Table 1. Participant demographic, clinical, and digital biomarker characteristics.

The composite z-score is normally distributed; K-S goodness of fit test D(23) = 0,13; p>0.15. The reasons for missing DBs included the in-home sensor technology being removed for various reasons (e.g., participant moved from independent living to assisted living) or the participant being hospitalized for the last several months of his or her life. These patients continued to be clinically followed, but did not have sensor data for that time period, which resulted in a gap between the last sensor data and death. In order to determine the potential impact of this gap in data collection, Spearman rank correlations were rerun removing outliers, defined as participants with greater than 2 years between sensor data collection and death (remaining n = 17); all results remained significant. Participants’ antemortem clinical diagnoses, based on clinician evaluation at last research visit prior to death, were: cognitively normal (46%), MCI (39%), and dementia (15%). Causes of death was available for 40 participants, and included cardiovascular-related (n = 15), pneumonia/inanition (n = 9), cancer (n = 8), unknown (n = 4), acute organ failure (n = 2), and suicide (n = 2).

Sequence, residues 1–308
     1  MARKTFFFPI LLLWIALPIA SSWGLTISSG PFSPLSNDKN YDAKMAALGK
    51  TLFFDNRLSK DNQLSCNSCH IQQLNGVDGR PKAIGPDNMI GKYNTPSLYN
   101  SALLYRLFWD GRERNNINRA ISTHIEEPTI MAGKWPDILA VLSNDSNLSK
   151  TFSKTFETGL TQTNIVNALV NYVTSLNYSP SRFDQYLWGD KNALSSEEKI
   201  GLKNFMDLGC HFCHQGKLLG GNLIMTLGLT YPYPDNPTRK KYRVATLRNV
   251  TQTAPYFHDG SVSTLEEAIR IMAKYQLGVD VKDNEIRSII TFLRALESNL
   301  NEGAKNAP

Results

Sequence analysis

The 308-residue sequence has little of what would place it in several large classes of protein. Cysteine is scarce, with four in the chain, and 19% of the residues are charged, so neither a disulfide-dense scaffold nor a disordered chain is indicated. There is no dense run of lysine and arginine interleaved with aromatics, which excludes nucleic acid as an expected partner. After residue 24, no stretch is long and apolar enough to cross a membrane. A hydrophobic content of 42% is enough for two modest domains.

On neuropathological evaluation, no participants were Braak stage zero. For the statistical analysis, Braak stages were categorized into three groups: I/II (n = 7), III/IV (n = 29), and V/VI (n = 5). Among this cohort, 83% were found to have Braak stage III or higher NFTs on autopsy. Twenty percent (n = 8) were found to have moderate/frequent neuritic plaques while 80% had none or sparse neuritic plaques (Table 1). Other pathologies were relatively infrequent: large vessel stroke or lacunar stroke (17%), hippocampal sclerosis (5%) and Lewy bodies (7%).

The DB composite score significantly predicted NP severity (R2 = 0.36, F(2, 20) = 5.66, p = 0.01). Fig 2A; S1 Table), but not Braak staging (R2 = 0.14, F(2, 20) = 1.68, p = 0.21; Fig 2B). In the model examining DB composite score by NP severity, while those with sparse plaques (Beta = -0.43, SE = 0.26, t = -1.68, p = 0.11) were not significantly different than the control group (no plaques), those with moderate/frequent neuritic plaques had a significantly lower / poorer DB composite score (Beta = -0.90, SE = 0.27, t = -3.34, p<0.01). Global cognition at death (as measured by latest annual MMSE score) did not discriminate between NP severity (R2 = 0.09, F(2, 38) = 1.90, p = 0.16) or Braak stages (p = 0.42). Functional status (as measure by last FAQ score) also did not discriminate between NP severity or Braak stages.